Who: P&G’s Pantene, along with Pride at Work Canada, and the Dresscode Project; MSL for PR and Carat for media; with global creative by Stockholm-based Valtech Radon.
What: A third chapter of the hair care brand’s #HairHasNoGender program, which celebrates the ways hair can be a powerful expression of personal identity. This year’s campaign is focused on allyship at work.
When & Where: The campaign launched on May 17, International Day Against Homophobia, Transphobia, and Biphobia, running in seven markets around the world. The focus is on PR and digital amplification, with a new film posted to YouTube and special content on the “HairHasNoGender” section of the Pantene.ca website.
Why: Pantene launched #HairHasNoGender because of the connection between hair, personal confidence and self-expression. Pantene believes good hair days can have a profoundly positive impact on a person’s emotional wellbeing. This is particularly true for transgender and non-binary people, who often struggle to express who they truly are—feeling good about their hair can be particularly powerful.
This year’s campaign—which comes as many people return to the office after more than two years of WFH—extends that cause to the workplace, where more than half (53%) of 2SLGBTQ+ individuals still feel they need to hide their identities.
One of the faces of the campaign is Vivek Shraya (she/her), an assistant professor and artist at the University of Calgary. “Your workplace is like your second home. When you’re in a space where you’re just trying to do your job and the people around you aren’t supportive of who you are or make it difficult to express yourself, it makes it difficult for you to work,” she said. “So many queer and trans people feel like we can’t bring our whole selves to work. No one should have to compartmentalize who they are in the workplace.”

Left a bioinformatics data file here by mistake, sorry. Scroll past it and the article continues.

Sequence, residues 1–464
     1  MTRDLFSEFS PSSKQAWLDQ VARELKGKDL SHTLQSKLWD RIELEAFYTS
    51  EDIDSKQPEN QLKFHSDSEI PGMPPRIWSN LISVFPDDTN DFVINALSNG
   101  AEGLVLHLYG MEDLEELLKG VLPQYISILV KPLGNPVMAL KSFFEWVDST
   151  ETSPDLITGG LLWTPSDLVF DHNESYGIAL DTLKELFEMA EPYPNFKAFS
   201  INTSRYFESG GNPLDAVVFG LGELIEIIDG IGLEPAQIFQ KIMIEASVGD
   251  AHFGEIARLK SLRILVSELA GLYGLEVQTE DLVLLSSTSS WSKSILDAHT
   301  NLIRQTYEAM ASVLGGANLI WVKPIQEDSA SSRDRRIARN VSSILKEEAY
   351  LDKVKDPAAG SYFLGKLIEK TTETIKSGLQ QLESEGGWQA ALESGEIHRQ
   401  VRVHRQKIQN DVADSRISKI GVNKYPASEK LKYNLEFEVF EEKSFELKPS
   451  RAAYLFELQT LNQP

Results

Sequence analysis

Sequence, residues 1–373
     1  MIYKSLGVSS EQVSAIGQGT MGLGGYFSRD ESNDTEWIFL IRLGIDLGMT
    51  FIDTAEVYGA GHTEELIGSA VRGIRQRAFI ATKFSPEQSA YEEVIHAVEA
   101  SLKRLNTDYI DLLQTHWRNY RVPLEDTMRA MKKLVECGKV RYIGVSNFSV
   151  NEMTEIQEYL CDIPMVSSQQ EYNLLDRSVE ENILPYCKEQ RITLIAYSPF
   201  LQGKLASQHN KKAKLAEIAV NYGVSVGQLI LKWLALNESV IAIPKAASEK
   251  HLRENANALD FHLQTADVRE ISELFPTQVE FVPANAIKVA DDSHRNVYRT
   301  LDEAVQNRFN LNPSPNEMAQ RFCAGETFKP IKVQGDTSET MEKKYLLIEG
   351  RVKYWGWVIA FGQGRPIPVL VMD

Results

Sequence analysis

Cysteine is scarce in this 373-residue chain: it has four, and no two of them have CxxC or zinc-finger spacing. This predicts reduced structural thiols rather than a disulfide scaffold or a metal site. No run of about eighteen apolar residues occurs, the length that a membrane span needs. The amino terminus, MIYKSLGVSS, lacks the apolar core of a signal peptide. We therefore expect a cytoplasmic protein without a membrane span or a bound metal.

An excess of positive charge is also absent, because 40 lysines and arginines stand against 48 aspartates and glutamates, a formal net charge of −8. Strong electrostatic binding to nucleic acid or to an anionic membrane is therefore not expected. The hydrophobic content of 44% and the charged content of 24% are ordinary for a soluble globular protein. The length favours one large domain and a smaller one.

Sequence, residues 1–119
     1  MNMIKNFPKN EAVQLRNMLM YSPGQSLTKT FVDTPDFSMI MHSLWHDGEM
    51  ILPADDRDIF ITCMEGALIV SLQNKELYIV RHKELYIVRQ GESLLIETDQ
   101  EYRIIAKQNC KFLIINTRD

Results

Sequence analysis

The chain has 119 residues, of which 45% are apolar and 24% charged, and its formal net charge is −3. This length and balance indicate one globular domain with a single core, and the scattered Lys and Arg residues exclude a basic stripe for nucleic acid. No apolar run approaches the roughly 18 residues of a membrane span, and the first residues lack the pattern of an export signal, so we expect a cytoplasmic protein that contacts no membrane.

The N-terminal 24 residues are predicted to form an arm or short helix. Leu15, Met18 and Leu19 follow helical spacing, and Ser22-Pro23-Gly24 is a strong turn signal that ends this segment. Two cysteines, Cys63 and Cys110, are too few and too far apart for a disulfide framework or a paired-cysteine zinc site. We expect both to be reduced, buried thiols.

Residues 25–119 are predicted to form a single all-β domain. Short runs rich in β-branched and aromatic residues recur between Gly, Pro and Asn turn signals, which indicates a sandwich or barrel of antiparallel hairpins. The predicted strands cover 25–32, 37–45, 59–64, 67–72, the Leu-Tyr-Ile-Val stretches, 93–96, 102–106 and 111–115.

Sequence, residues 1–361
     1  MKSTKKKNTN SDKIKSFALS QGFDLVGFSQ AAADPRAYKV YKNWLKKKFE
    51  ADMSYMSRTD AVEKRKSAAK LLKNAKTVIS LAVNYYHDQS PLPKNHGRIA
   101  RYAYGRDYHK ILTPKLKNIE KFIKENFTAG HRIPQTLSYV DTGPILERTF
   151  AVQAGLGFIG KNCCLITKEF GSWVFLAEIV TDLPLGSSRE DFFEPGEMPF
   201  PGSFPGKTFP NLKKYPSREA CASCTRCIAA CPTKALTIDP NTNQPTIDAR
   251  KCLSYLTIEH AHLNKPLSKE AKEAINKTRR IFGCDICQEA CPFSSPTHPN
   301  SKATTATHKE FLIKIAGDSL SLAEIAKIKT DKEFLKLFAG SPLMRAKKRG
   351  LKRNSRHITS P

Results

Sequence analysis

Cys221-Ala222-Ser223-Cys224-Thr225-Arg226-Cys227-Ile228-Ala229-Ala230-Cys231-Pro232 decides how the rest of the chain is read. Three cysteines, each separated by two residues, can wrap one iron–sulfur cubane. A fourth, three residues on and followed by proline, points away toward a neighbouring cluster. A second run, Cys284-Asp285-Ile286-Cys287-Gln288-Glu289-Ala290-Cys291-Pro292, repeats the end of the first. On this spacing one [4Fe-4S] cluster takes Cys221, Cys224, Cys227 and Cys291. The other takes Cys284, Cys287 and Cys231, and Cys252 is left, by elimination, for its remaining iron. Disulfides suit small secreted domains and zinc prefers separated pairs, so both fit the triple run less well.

How: The campaign is anchored by a two-and-a-half minute video featuring 12 members of the LGBTQ2+ community sharing stories about the anguish of not being supported at work. “I have to assume every workplace is not safe,” says one. But then their stories change, first to how they could express who they are through their hair, and then to the power they’ve found in the support of caring co-worker allies.
“Whatever hair you dream of. Whatever job you aim for. We support you,” reads the closing super.
Pantene also worked with Canadian partners Pride at Work Canada and Dresscode Project to produce educational materials and tips for organizations and individuals to make the workplace more inclusive, how to be an ally, and how to use inclusive language.
“It is our mission to employers to build workplaces that celebrate all employees regardless of sex, gender expression, gender identity, and sexual orientation,” said Jade Pichette (they/them), director of programs, Pride at Work Canada. “This is one step closer to building cultures of belonging through affirming, welcoming and meaningful employment for everyone to express themselves at work.”
Pantene is also working with Dresscode Project to create more safer hair salon spaces for 2SLGBTQS+ clients through inclusivity training for hair stylists. Dresscode founder Kristin Rankin also created training materials on how to be a 2SLGBTQ+ ally in the workplace.
And we quote: “At P&G, our mission is to ‘lead with love,’ and we are continuously striving to create an inclusive workplace to encourage individuals to feel confident to express their true selves, including how they wear their hair… We know this results in a more collaborative and positive workplace for all.” —Lisa Reid, (she/her), country leader, P&G Beauty